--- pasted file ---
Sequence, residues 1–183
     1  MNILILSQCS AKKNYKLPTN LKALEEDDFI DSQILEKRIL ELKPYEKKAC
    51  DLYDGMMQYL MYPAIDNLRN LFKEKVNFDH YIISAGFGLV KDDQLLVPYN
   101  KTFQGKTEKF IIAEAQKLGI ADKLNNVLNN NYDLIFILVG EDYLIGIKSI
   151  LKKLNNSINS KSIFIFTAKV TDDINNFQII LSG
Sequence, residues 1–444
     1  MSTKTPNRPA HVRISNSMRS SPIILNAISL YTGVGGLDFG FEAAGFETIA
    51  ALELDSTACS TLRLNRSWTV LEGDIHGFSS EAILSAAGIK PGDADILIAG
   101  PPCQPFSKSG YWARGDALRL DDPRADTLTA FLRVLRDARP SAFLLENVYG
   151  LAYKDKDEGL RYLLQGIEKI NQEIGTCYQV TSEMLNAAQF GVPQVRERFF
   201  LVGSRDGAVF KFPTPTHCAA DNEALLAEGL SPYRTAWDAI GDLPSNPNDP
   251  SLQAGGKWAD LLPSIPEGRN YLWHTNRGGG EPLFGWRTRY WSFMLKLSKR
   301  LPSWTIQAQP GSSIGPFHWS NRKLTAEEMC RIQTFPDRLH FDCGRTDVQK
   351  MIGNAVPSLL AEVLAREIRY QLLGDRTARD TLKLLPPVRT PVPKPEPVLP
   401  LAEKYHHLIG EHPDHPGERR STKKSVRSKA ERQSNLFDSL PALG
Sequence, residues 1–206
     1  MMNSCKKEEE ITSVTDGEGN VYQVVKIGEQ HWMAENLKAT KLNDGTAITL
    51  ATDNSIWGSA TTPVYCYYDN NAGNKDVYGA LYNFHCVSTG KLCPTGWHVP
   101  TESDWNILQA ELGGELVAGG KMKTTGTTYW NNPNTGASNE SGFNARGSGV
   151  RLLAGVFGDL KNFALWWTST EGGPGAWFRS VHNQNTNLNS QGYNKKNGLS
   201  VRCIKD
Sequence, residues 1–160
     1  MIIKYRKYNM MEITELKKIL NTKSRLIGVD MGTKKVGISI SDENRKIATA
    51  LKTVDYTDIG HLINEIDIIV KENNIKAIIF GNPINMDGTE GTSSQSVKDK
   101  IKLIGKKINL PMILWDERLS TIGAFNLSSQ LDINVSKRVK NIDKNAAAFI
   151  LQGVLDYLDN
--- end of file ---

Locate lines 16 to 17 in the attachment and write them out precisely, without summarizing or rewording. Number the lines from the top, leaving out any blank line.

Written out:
Sequence, residues 1–206
     1  MMNSCKKEEE ITSVTDGEGN VYQVVKIGEQ HWMAENLKAT KLNDGTAITL